Netflix has announced that its service will launch in Australia and New Zealand on 24 March 2015. Consumers can look forward to original content, local as well as foreign series and films available on smart TVs, set-top boxes, games consoles, tablets and smartphones.
This marks Netflix’s debut in the Asia Pacific region. Its ambitious global expansion plans look to exploit 200 new markets by 2016 and Japan and China are the Asian markets it will march into next.
Netflix in Australia has been put in the spotlight due to the much heated market climate. Besides existing players such as Quickflix and Ezyflix, two local video on demand (VoD) services, Presto TV and Stan, launched in the first three months of 2015. Both new VoD services are backed by players in the traditional TV space, Stan by Nine Network/Fairfax and Presto by Seven West Media and pay TV leader Foxtel.
Netflix’s pricing in the US is comparable with Presto and Stan’s, within the range of A$9-10. Presto Movies and Presto TV are priced at A$9.99 a month whilst Presto Entertainment (TV and Movies bundle) is available for A$14.99 a month. Netflix has yet to reveal its pricing strategy in Australia.
Pricing is important, but it is content offering which catches consumers’ interest. With its well-established reputation for original programming, Netflix should definitely distinguish itself by beefing up its offering in this area. Importantly, some of the premium programming such as Netflix’s own House of Cards and HBO’s Game of Thrones will be missing, having already been sold to Presto. What's more, Presto and Stan have the advantage of support by FTA metro TV and the pick of back-catalogue TV content. Netflix will bring to market a number of popular titles, which it has rights to, but it will still lag in local content, being entirely new to the market. IHS sees no delay in Netflix partnering local producers to bring more locally-produced content to viewers.
Netflix is armed with a proven marketing strategy to compete with the two local entrants. Prior to Asia, it has launched in Europe by collaborating with local internet and IPTV service providers. It tied up with Deutsche Telekom in Germany and Bouygues Telecom in France. Similarly in Australia, it is teaming up with local pay TV OTT service Fetch TV. Launched in July 2010, Fetch TV is 75% owned by Malaysia’s Astro Overseas Ltd. Fetch TV sells its service via its ISP partners Optus, iiNet and M2, all major ISP players in Australia. Fetch TV’s 170,000 subscribers will be able to watch Netflix’s content simply by integrating the app. In view of its late entry and fierce competition by Presto and Stan, teaming up with Fetch TV will bring Netflix closer to potential subscribers.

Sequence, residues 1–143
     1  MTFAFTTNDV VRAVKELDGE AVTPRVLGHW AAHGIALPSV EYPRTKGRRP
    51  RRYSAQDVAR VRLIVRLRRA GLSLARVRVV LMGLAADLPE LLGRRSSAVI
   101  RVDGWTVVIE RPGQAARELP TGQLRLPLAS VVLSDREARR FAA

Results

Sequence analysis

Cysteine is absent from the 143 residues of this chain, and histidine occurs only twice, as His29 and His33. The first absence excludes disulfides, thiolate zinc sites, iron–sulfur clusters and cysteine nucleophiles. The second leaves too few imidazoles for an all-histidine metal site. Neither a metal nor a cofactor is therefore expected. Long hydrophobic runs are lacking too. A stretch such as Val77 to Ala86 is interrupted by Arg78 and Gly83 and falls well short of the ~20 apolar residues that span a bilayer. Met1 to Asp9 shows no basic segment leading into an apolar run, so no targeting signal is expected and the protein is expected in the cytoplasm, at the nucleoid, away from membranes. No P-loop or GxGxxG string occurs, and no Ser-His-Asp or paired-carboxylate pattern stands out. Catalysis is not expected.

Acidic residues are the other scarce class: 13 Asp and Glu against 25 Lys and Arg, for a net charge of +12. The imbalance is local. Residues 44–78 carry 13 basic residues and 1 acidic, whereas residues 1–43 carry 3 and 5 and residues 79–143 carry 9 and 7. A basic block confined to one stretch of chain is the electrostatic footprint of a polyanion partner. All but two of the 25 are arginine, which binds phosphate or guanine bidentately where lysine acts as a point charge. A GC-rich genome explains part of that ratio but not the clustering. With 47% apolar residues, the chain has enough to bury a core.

Australia provides a good opportunity for Netflix, boasting 5.8m broadband households. Improvements in infrastructure will also facilitate further growth, particularly the ongoing rollout of the National Broadband Network (NBN). With over 57 million members and its service in more than 50 countries, Netflix will likely be a major player in the Australian SVoD market. Success will hinge on how it promotes and programmes its service locally and on its ability to drive subscription take-up via its local Internet and IPTV service providers.
In the APAC region, expansion in Japan and China will be an entirely different matter, with strong differences in the market environment. Japanese consumer spending on physical video software is still going strong, and alternative forms of physical rental continue to expand in the same way that those in the West did earlier. The rise of rental kiosks and the increasing popularity of online rent-by-mail operator Rakuten already provide consumers with convenient and cost effective services for their entertainment needs. Netflix will also face strong competition from existing digital video platforms such as those from Amazon, Google and Hulu Japan. Netflix will also compete against mobile phone carriers including KDDI, NTT Docomo and the deep-pocketed incumbent telco Softbank which already operate streaming services in Japan. While US series are popular in China, foreign media contents are strictly controlled by the media watchdog.